Tomb Raider comes out this Friday, and with it, all the usual bullshit that accompanies female led films. When the first promotional images were released, I wrote about my anger and disgust over the comments made about Alicia Vikander’s body. I’m still just as angry and disgusted, as similar comments are still being made. But I’ll get into that later. I’ve been following the promotional tour for the movie, which consists mostly of watching a lot of interviews, gushing over Alicia Vikander’s premiere looks, and reading a lot of articles. There was one piece in particular that I came across that I found very encouraging.
In her review of Three Billboards Outside Ebbing, Missouri Amy noted with no small amount of anger that there is far, far too much rape and sexual assault happening to women in film, and she’s absolutely right. Not only is it all over the damn place, but it’s almost never handled well. Does something bad need to happen in the plot? Does a female character need to overcome some kind of obstacle? Or better yet, does a male character need something to be angry about? Rape a female character. I tried to remember the last time a piece of media actually examined the effect of rape and sexual assault on women and had a hard time coming up with something.
Which brings us back to Tomb Raider. When the rebooted version of the Tomb Raider video game—the one this new movie is based on—came out in 2013, it caused quite an uproar amongst fans. So much so that even I, someone who doesn’t play video games at all, heard about the controversy. Before the game’s release a producer revealed that a sequence depicting how Lara Croft first came to kill someone showed that she did so in order to protect herself from being raped by a man who had kidnapped her. Because of course.
Alicia Vikander, who was familiar enough with the video game to have heard about this scene, said in an interview that before she made the movie she wanted assurance that sexual assault was not going to be part of the story. Thankfully it hadn’t been written in, but I was glad to see Alicia being open about wanting to speak to the screenwriters. She signed on to this film right after her breakout year and subsequent Oscar win so she definitely had the pull to raise a fuss about it, and she used that pull to ensure Lara Croft wouldn’t fall prey to such a sexist trope.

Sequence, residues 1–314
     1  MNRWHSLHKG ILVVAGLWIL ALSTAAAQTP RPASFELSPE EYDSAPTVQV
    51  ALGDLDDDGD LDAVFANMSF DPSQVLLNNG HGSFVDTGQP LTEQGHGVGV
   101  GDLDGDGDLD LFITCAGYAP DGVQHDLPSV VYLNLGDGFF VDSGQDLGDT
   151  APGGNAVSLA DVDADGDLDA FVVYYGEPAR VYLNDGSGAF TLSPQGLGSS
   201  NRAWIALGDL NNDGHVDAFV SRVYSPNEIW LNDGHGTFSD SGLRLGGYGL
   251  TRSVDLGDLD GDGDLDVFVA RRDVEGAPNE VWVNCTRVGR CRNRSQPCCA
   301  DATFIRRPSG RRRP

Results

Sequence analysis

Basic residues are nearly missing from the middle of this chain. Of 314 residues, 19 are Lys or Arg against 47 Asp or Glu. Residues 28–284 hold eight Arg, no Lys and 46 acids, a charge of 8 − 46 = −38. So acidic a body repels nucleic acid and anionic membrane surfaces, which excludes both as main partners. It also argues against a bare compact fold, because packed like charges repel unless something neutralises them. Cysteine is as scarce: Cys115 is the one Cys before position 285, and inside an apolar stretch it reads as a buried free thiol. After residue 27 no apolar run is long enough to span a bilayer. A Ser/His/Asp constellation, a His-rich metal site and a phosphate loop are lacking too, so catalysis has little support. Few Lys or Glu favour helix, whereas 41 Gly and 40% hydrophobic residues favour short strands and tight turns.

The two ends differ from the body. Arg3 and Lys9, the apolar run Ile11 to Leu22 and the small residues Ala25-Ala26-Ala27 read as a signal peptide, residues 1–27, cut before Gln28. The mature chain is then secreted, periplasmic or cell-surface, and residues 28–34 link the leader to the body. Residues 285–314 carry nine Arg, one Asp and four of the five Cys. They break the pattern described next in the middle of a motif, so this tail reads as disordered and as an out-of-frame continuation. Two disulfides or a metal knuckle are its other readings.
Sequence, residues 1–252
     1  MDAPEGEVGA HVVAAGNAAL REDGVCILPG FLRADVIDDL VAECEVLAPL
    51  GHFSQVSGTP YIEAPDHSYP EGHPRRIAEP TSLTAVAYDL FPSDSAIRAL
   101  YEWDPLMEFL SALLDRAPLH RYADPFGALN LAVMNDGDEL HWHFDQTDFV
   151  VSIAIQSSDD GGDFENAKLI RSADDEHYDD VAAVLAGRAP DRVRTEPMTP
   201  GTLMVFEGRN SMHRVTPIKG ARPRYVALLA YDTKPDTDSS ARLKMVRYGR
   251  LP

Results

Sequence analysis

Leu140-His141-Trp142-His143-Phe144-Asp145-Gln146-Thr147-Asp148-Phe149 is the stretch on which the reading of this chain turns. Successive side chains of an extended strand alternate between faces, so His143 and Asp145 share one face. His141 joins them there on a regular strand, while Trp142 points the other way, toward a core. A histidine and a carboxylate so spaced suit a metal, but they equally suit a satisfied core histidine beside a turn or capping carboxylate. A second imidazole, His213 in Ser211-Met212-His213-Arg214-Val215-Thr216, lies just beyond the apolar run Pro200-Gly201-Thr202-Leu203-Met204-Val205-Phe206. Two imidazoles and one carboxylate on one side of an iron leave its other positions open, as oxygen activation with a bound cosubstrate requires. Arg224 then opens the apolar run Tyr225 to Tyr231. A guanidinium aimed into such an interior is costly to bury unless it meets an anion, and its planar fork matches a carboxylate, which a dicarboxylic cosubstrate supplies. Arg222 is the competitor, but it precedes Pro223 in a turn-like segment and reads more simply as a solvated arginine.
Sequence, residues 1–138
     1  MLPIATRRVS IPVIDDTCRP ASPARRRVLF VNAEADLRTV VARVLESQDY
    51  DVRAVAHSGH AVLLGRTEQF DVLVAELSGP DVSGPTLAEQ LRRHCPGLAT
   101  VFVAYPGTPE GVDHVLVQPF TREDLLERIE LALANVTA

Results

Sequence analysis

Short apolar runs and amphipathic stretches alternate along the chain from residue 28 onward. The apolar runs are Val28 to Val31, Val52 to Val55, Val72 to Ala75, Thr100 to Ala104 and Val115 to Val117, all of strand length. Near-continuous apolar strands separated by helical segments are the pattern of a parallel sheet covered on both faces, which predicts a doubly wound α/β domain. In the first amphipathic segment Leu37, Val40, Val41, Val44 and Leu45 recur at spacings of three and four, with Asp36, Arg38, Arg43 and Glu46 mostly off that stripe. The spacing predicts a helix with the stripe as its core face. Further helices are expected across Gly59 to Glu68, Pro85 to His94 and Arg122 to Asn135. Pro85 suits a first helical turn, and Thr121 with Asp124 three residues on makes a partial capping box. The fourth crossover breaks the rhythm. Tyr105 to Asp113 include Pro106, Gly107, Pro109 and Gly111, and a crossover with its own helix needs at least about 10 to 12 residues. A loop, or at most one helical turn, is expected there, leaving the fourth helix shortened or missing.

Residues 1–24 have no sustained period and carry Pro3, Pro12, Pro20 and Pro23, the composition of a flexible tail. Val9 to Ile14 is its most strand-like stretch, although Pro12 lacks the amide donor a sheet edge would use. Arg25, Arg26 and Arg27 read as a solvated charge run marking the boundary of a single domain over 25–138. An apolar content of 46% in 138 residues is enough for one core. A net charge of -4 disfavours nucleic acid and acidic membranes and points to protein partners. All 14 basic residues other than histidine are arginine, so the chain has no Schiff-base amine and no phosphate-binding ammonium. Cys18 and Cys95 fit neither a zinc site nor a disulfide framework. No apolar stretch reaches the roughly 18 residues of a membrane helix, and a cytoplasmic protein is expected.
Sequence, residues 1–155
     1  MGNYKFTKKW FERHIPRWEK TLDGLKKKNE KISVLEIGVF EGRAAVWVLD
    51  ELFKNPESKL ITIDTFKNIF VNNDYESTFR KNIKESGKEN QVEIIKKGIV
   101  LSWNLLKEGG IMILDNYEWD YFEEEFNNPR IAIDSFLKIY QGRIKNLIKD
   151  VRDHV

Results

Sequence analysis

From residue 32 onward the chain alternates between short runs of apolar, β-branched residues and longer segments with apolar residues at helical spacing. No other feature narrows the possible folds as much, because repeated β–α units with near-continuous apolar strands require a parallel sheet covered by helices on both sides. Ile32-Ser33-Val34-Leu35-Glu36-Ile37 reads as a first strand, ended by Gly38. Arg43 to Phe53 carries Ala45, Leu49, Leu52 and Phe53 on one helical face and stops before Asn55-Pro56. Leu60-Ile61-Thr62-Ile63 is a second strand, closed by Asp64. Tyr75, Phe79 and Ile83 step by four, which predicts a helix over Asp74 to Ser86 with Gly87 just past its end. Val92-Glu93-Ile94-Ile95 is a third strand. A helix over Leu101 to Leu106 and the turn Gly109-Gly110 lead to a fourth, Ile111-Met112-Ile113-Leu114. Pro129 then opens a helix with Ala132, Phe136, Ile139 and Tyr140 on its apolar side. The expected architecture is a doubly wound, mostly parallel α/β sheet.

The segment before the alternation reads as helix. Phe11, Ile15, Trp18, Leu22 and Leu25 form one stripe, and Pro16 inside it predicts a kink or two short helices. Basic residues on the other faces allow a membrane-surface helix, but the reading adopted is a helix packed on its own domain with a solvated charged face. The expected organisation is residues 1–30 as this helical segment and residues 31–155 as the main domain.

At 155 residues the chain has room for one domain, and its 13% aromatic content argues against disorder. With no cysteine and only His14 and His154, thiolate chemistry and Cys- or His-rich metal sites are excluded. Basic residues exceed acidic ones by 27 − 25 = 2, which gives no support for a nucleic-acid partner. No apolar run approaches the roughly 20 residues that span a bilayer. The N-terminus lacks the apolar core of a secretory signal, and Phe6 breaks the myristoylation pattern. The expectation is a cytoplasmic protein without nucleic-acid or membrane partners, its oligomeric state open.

Director Roar Uthaug added that “It’s nice to have action scenes between a woman and a man without there having to be something sexual to it.” Indeed it is, even though that’s a depressingly low bar.
Sadly, just because the filmmakers realize that female characters deserve better doesn’t mean that everyone else does. The post I wrote about those first promotional images was published almost exactly a year ago, and even with the #MeToo and Time’s Up changing a tremendous amount since then, the sexist assholes are going down swinging.
A valid question, and one we all ask ourselves even though we already know that the answer is “unfortunately not.” People with much more patience than myself have written many eloquent essays about the ways insecure men lash out at women. I don’t have the space for that here, so instead I’ll simply say: Listen up dickheads. Women do not exist to be your boner fodder, and Alicia Vikander would never so much as sneeze in the general vicinity of your existence.
I’ll see Tomb Raider over the weekend and will share my thoughts on it next week, but I’m already very much inclined to enjoy it. The creators are doing right by their female character, and the misogynists are enraged. That alone is worth the ticket price.